MAY 10, 2017 10:30 AM PDT

Methods to account for sequencing artifacts in large high-throughput RNA-Seq data

C.E. CREDITS: CEU | P.A.C.E. CE | Florida CE
Speakers
  • Research Fellow, Dana-Farber Cancer Institute
    Biography
      I am a Research Fellow in the Department of Biostatistics and Computational Biology at the Dana-Farber Cancer Institute and Department of Biostatistics at the Harvard TH Chan School of Public Health under the guidance of Professor John Quackenbush. Prior to joining Harvard I was a National Science Foundation Graduate Research Fellow at the University of Maryland, College Park where I received my Ph.D. in Applied Mathematics, Statistics and Scientific Computation.
      As a computer scientist and computational biologist, my interests are to develop computational methods for the analysis of high-throughput sequencing data. I also desire to develop software and support these methods as open-source software for the broader scientific community through Bioconductor and popular domain tools such as QIIME and Phyloseq. MetagenomeSeq, is my most popular tool developed and is in the top 5% of all Bioconductor packages downloaded in the last year with over 5,000 unique users. I am excited to leverage statistical and network methodologies in accounting for technological when identifying disease markers.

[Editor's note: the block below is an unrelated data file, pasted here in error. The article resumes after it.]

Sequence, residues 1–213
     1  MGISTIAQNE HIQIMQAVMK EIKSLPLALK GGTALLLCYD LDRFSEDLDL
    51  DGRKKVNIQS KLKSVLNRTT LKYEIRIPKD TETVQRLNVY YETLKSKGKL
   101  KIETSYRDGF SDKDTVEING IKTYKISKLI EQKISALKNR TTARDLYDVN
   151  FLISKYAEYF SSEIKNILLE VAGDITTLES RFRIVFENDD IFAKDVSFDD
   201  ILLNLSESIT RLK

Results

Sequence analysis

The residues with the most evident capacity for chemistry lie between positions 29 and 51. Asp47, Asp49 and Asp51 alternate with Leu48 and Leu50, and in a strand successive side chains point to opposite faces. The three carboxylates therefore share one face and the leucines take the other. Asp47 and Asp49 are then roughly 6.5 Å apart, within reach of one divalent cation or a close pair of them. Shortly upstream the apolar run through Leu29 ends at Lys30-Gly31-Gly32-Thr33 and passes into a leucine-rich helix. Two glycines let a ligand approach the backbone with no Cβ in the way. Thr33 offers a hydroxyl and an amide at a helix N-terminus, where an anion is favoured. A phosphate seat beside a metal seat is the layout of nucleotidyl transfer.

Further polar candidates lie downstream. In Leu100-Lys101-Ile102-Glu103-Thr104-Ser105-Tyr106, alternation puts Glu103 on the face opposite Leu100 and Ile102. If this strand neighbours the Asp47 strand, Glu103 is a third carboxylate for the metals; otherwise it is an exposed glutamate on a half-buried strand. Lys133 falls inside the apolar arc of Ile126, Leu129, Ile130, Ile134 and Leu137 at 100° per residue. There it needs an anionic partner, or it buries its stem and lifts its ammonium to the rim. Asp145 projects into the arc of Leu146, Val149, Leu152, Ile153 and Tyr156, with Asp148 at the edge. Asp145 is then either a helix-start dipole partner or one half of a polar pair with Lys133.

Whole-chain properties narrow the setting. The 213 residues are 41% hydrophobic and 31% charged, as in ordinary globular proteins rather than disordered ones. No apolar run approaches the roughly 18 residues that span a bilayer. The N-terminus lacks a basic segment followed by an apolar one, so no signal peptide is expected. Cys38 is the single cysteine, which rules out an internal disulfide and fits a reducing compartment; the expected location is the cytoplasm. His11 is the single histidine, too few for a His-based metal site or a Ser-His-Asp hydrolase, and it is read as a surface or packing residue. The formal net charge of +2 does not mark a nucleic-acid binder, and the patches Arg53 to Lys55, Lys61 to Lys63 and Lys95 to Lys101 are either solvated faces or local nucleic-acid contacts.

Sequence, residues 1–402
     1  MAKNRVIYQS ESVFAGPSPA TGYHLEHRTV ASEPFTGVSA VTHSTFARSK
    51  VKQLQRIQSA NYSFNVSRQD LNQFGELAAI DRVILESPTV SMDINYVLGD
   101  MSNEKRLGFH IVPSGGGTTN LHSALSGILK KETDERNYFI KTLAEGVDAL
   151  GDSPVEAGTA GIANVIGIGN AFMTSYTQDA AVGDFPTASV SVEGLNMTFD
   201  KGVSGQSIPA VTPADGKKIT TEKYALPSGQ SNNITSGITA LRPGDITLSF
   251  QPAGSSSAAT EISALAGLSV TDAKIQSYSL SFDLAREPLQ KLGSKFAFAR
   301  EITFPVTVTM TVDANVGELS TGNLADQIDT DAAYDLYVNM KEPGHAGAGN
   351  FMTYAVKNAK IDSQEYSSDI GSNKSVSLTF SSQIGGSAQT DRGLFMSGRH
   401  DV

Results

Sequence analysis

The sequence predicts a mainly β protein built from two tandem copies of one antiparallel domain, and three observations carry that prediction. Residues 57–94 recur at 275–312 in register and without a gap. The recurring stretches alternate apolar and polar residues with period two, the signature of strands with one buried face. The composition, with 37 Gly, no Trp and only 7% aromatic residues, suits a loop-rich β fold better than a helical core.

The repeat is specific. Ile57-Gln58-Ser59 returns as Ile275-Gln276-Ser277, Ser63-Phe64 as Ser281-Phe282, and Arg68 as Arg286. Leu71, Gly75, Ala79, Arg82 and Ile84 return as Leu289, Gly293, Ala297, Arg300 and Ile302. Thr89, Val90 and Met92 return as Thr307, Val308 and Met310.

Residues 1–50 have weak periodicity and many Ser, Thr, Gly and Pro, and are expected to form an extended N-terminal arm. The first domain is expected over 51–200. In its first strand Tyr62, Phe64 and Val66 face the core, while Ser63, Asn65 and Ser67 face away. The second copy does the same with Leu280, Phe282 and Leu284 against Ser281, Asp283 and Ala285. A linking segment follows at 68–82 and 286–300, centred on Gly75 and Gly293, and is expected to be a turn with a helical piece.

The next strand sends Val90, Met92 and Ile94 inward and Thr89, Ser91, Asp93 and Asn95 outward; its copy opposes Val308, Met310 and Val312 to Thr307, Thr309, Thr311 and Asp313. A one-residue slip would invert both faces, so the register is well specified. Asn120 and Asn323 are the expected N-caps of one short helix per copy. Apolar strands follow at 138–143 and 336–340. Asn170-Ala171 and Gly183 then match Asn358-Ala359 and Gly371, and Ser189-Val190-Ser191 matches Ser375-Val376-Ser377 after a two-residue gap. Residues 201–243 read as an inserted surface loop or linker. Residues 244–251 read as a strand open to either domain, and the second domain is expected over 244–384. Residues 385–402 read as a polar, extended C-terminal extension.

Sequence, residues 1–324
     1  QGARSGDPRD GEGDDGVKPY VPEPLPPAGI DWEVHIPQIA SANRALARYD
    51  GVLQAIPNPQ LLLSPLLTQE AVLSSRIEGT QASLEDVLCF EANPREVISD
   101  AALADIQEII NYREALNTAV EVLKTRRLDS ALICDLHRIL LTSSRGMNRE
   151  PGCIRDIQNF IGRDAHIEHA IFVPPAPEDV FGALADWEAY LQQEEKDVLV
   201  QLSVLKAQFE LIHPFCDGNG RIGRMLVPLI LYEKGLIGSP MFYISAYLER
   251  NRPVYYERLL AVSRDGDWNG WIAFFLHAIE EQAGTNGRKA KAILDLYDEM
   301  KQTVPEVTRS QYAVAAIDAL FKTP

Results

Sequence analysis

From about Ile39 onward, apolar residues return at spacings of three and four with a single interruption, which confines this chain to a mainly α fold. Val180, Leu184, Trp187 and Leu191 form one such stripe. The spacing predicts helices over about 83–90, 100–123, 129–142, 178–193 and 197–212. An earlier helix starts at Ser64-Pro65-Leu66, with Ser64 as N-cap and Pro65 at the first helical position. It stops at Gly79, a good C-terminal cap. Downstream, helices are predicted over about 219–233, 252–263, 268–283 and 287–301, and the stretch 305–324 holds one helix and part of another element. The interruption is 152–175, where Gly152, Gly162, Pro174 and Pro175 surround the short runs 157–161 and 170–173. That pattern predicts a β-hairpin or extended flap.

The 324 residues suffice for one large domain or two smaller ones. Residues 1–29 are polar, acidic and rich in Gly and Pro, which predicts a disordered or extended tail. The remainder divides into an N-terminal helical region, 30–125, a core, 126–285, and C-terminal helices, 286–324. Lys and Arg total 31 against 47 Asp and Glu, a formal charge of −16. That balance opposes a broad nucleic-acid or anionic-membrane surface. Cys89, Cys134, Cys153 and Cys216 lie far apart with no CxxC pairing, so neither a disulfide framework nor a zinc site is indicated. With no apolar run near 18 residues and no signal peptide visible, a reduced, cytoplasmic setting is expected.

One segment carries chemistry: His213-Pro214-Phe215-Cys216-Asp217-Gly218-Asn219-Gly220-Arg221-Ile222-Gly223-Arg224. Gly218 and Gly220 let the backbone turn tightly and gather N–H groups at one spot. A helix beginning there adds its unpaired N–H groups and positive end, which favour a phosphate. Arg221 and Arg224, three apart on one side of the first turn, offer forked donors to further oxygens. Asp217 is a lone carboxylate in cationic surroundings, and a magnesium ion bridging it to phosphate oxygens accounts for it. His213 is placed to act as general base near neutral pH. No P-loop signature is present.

Abstract:

    Although ultrahigh-throughput RNA-sequencing has become the dominant technology for genome-wide transcriptional profiling, the vast majority of RNA-seq studies typically profile only tens of samples, and most analytical pipelines are optimized for these smaller studies. However, projects are generating ever-larger data sets comprising RNA-seq data from hundreds or thousands of samples, often collected at multiple locations and from diverse tissues. We examine the effects of different preprocessing methods on downstream analyses. We find analysis of large RNA-seq data sets requires careful quality control and that one account for sparsity due to the heterogeneity intrinsic in multi-group studies. We motivate our results using the GTEx cohort and look at the differential pathways of cell lines from their progenitor tissues.


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